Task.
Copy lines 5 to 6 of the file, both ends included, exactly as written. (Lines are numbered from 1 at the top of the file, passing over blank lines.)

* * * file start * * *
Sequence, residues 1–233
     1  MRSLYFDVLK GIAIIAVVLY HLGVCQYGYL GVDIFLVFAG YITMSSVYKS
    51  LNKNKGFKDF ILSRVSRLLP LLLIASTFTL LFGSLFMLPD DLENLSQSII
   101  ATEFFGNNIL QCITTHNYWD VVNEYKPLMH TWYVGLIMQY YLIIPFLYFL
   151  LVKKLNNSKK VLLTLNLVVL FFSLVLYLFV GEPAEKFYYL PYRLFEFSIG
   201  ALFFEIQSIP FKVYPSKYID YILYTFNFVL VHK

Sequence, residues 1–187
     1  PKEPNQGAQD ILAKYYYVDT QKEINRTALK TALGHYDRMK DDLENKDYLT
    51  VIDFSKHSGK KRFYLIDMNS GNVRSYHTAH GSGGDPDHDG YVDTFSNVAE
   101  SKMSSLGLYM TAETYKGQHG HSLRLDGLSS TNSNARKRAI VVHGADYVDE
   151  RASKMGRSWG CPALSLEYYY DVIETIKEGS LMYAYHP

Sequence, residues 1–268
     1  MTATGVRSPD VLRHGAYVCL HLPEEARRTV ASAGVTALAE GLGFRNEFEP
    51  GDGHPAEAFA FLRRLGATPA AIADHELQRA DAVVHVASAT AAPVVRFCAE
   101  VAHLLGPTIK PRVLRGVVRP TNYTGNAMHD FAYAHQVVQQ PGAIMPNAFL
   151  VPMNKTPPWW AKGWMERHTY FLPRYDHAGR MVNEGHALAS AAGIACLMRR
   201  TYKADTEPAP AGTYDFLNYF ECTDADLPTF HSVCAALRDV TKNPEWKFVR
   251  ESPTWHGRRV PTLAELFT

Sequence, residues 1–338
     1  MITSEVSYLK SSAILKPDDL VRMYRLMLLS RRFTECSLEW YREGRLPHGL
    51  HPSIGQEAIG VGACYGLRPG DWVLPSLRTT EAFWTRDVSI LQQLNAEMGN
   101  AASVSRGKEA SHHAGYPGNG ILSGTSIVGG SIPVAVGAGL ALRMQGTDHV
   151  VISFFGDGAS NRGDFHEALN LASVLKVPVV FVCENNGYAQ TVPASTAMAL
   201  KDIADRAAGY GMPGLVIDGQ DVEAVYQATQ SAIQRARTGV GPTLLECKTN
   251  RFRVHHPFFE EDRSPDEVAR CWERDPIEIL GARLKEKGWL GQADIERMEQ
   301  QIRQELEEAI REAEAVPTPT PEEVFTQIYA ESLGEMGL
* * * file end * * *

   151  LVKKLNNSKK VLLTLNLVVL FFSLVLYLFV GEPAEKFYYL PYRLFEFSIG
   201  ALFFEIQSIP FKVYPSKYID YILYTFNFVL VHK